.comment-link {margin-left:.6em;}
Visit Freedom's Zone Donate To Project Valour

Thursday, December 27, 2007

UI & The Dawning Light Of Reality

The weekly UI report is out. Last week's initial claims figure was revised up to 348,000, and this week's preliminary is 349,000. The four week moving average for the 22nd wasn't statistically different than last week's at 342,500.

More notable, the SA number for Dec 15th continuing claims was 2,713,000, compared to the previous year's 2,498,000. The NSA total is 2,813,463, compared to the previous year's 2,565,805. Either way, we have reached the significant YoY increase of 200,000 and passed it. The NSA difference is over 245,000. I think we will continue to set new YoY increases in the weeks ahead. A lot of seasonal jobs always drop out anyway at this time, and this year it will hurt more than most years. (To see the trajectory, go to this page and select the option called Weekly Claims data at the bottom right.)

The economic press is about to get interested in this number because initial claims are going to pass 350,000. That may happen when this week's figure is updated next week.

The durable goods report for November was depressing again. After 3 consecutive declines, November new orders finally rose. Inventories rose, and shipments dropped. The October revisions were negative. The YoY comparisons have improved, but that is largely because we are now comparing this year's figures to the prior year with the inclusion of the very weak period at the end of 2006.

I can't emphasize enough that whether we can escape with a somewhat mild recession versus a long, hard recession really depends on how well manufacturing can exploit the weak dollar, which largely depends on how other developed and developing economies can weather the credit crisis.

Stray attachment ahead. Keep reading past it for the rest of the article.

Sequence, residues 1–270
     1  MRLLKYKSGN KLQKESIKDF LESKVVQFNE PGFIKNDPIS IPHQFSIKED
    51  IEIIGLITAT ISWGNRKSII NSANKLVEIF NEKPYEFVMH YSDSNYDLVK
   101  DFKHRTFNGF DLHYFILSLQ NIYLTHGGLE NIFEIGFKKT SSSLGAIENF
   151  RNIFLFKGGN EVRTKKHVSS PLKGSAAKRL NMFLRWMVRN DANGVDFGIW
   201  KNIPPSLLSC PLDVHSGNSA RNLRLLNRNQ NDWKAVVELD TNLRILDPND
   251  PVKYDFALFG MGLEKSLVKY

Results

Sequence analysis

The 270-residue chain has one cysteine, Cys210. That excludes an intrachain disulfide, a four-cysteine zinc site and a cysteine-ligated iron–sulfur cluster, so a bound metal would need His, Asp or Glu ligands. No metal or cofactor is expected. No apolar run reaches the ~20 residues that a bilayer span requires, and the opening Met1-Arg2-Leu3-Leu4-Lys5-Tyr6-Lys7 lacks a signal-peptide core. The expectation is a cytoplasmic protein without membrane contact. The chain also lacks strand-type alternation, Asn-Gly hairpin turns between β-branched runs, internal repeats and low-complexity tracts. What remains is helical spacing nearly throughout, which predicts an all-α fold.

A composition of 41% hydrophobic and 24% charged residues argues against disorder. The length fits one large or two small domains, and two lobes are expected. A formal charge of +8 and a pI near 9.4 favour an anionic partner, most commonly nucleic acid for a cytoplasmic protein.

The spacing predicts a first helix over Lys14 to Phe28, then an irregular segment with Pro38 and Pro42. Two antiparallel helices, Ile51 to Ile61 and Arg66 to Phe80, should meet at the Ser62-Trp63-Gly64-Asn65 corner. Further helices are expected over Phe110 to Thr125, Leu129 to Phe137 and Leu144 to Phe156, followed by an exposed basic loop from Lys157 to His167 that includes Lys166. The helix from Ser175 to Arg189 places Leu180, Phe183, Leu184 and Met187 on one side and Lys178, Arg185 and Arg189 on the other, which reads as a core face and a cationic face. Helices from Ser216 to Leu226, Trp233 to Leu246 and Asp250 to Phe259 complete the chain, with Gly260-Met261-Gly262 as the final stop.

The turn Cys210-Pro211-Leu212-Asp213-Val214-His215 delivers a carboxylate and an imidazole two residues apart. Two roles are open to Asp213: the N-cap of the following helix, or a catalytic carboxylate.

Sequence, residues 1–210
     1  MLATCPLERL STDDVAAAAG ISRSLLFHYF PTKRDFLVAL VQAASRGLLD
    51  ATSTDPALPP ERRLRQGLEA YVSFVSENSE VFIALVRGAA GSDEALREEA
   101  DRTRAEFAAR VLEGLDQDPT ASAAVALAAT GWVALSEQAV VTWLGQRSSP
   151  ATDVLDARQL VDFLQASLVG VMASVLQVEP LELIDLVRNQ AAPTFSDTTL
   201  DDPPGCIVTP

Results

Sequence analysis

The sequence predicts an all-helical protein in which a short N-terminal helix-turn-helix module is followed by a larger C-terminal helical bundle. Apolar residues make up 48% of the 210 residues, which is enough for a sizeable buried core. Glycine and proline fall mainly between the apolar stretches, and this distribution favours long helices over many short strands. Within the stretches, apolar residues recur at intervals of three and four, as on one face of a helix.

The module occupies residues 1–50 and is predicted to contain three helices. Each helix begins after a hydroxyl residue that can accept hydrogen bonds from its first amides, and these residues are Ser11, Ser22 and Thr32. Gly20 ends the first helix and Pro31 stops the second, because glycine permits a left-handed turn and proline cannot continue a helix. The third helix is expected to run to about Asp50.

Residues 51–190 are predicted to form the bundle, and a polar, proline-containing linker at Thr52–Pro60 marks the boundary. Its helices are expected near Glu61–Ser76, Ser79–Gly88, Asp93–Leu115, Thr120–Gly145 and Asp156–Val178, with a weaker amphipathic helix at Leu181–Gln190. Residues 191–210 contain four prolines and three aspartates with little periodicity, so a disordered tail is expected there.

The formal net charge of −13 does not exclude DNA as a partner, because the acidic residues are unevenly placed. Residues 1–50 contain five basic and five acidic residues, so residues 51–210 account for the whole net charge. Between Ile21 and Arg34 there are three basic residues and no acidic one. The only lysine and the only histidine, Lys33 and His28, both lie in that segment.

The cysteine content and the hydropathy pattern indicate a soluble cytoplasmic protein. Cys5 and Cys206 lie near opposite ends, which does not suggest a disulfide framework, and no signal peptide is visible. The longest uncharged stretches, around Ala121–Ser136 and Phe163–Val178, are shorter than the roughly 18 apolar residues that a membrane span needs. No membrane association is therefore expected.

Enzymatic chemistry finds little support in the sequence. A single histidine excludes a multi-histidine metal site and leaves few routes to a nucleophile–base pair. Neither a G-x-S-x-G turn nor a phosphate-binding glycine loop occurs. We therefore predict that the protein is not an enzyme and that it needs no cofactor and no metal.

That is a long cycle - manufacturing orders often have a long lead time. So while this report is not dire (new orders for nondefense aircraft showed a pleasing pop), it is disappointing.

Demand in the US is doomed to be weak from consumers and businesses. With food and fuel pushing services prices up, many consumers are strapped. The impact is going to show up in service businesses around the nation. Commercial real estate is poised to take a real downturn, and building and tenanting commercial real estate (think strip malls and office buildings) drives a big portion of internal demand. It's not just carpeting, and fixtures. It's desks, cabinets, lighting, furniture, computers and POS systems, plus internet/phone, all of which show up in the GDP category called gross private domestic investment. That category drives the rest of the internal economy.

What we have lost for 2008 is a good portion of the retail expansion. That is really going to hurt as it adds to continued drops in residential construction and a pullback in office condos. The financial sector had produced a lot of growth as well, and that is gone. An additional downward vector will be slower growth in state and local government employment and spending - and in the hardest hit areas, outright cutbacks.

If we don't get rising demand from foreign sources, both domestic jobs and investment will take a determined downward plunge in 2008. They are doomed to trickle along the downward slope anyway because of tighter consumer spending. If we throw a broader decline in business spending on top of that, it is going to be UGLY.